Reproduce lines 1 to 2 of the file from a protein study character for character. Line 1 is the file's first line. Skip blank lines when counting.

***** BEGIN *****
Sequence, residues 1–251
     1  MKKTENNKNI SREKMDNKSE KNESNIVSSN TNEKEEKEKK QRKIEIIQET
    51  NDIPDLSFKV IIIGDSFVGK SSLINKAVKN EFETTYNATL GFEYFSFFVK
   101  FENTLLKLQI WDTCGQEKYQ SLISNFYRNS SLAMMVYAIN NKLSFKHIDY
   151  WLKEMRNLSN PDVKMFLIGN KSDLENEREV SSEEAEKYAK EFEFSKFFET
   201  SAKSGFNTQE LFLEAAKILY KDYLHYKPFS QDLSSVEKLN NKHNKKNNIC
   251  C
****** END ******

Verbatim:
Sequence, residues 1–251
     1  MKKTENNKNI SREKMDNKSE KNESNIVSSN TNEKEEKEKK QRKIEIIQET